Nauchandi Mela is an annual Indian fair which starts on the second Sunday after Holi. The festival takes places in Meerut’s Nauchandi Ground and lasts for approximately one month. Meerut is a city in Uttar Pradesh which is around 3 hours from Delhi.
Nauchandi Mela started in the late 1600s when it was just a cattle trading event. Soon, it developed in a grander celebration and comprised of activities other than trading.
Movies were at one time the highlight of the Nauchandi Mela. People from nearby villages and towns would come especially in the evening with their families to watch movies together.
So popular were the films that there used to be special trains services in the early mornings to take these people back home after the mela.
In its present avatar, movies are not typical, but locals do put up shops and have fun selling and buying items.
Nauchandi Mela is one of the most crowded places that I have visited. There are people of all religions and classes, having fun together with their families and friends.
The fair starts at about 5 pm, to avoid the scorching heat of the day, and continues till late in the night.
Everyone loves to visit Nauchandi a few times during the month, and there is always a good possibility that you might bump into old friends there.
In the beginning, it might seem a bit dirty or crowded, but you will soon get used to the conditions and start focusing on the better parts of the Nauchandi Mela.
The mela has a temple called Nav Chandi Mata Mandir, situated on the grounds. There is also a train called Nauchandi Express which connects Lucknow, the state capital, to Meerut.
The fair occupies a vast area, with many entrances. The primary access is easy to locate because of several people passing through. It is a quick walk from the parking area, and locals are happy to guide you.
Outside the entrance are small stalls which sell toys and wooden utensils, but it is only once you enter, that you realise what Nauchandi is all about.
Some of my favourite excursions at the mela include balloon shooting. The crowded stands are full of people with competitive spirits and lots of confidence.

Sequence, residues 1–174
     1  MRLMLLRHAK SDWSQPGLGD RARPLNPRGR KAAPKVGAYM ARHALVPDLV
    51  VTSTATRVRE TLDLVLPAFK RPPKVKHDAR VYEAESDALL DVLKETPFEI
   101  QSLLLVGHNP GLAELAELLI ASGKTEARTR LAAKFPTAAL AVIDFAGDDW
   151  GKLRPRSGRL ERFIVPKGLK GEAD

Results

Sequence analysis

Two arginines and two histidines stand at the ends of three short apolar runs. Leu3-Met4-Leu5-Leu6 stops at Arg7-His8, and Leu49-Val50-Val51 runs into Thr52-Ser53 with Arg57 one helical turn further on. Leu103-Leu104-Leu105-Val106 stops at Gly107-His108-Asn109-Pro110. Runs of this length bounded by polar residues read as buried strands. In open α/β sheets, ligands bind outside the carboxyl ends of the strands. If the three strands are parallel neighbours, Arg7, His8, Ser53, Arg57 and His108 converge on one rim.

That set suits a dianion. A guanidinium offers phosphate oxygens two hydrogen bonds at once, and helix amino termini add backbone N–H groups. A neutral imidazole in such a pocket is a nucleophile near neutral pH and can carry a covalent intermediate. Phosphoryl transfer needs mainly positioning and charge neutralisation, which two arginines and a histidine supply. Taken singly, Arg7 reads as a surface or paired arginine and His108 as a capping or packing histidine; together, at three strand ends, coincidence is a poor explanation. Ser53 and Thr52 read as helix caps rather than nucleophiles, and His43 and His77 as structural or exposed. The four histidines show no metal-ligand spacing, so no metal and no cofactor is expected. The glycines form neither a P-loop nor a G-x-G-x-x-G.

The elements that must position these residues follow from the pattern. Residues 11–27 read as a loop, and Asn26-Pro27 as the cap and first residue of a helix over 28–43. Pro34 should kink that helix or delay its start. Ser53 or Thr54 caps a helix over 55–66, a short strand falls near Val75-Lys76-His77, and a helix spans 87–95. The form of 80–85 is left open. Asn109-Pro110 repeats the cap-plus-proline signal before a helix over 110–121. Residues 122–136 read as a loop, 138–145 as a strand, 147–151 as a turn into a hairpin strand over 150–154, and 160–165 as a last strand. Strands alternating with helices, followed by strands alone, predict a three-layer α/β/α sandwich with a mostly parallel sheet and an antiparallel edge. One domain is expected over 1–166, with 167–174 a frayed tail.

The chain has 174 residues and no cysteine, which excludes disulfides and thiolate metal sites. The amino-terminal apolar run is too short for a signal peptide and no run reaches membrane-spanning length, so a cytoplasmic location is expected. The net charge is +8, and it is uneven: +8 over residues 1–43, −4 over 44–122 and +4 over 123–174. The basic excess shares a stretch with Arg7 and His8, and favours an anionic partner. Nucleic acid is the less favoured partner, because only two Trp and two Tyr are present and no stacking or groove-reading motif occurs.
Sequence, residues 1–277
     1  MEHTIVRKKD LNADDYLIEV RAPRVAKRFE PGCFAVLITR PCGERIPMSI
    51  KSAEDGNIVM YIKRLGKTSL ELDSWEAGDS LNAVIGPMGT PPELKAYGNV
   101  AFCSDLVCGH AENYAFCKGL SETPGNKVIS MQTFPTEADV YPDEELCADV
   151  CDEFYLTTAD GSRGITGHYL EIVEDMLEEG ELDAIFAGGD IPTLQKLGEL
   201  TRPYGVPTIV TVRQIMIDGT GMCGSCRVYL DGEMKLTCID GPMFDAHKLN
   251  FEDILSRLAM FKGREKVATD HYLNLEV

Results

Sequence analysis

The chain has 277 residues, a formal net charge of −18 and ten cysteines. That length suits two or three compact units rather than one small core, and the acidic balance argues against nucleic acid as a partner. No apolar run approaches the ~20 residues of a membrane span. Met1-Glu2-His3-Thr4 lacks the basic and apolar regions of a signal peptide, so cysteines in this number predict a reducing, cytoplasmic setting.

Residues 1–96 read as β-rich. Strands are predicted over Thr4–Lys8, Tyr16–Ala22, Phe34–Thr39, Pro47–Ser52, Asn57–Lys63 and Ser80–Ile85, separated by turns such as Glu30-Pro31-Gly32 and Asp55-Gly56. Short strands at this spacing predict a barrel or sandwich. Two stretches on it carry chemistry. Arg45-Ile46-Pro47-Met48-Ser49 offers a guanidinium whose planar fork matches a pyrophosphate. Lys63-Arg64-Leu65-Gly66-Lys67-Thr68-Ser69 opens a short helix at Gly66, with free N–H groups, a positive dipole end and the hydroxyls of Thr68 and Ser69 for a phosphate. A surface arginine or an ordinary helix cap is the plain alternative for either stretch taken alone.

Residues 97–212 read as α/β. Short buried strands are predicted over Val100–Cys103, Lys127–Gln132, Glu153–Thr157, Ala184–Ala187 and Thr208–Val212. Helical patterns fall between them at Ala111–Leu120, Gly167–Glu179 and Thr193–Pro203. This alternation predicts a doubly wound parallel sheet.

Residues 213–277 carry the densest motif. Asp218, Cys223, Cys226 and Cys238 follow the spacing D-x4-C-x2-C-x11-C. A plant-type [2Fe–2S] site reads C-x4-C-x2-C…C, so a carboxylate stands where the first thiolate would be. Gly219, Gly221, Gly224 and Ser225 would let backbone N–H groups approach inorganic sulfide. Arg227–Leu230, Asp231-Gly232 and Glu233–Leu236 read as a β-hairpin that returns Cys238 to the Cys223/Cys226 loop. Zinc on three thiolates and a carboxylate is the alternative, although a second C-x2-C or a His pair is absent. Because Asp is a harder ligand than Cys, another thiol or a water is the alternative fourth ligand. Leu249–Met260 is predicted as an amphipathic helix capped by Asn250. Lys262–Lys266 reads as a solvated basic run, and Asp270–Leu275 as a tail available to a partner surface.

I am quite good at it if I do say so myself. I shot down all but one of the balloons I aimed at. The balloon stands don’t give out prizes, but playing the game is a reward in itself.
Then there are the Ferris Wheels. They come in many sizes; however, I was amazed by some of the huge ones, which I didn’t expect to see in India.
I decided to go on a smaller Ferris wheel, with just six seats. Alas, my brother didn’t experience the same joy as I did because he was too scared to go on it.
We also come across some food stalls, serving Nankhatai, Gajak and Rewri, which are all specialities from Meerut. Since we were visiting the Nauchandi Mela after dinner, we skipped eating any one of these delicacies.
Although the food is delicious, it might be best to avoid it if you don’t have a strong stomach.
Nauchandi Mela also has many toy stands. They take up most of the ground area. The toy shops typically sell small plastic utensils, which in the past, came in steel.
This made my mom relive moments of her childhood when she would get together with her friends and play with these utensils.
While the toys are usually of low quality, they give children the same amount of pleasure that higher-quality toys do.
You can also find some stalls selling bits and bobs for everyday use. From hair styling materials to cheap jewellery there is something for everyone here.
I enjoyed going to the Nauchandi Mela, and it is a place I would love to visit again in a few years.
I bought some items that I now keep as souvenirs to remind me of this short and exciting experience.
If you are visiting Delhi, it’s a good idea to take a day trip to Meerut and experience this iconic mela. It promises extraordinary sights, sounds, smells, and delicious bites you are bound to cherish for years to come.Saanvi’s Something Something Blog.
Image Source – Pixabay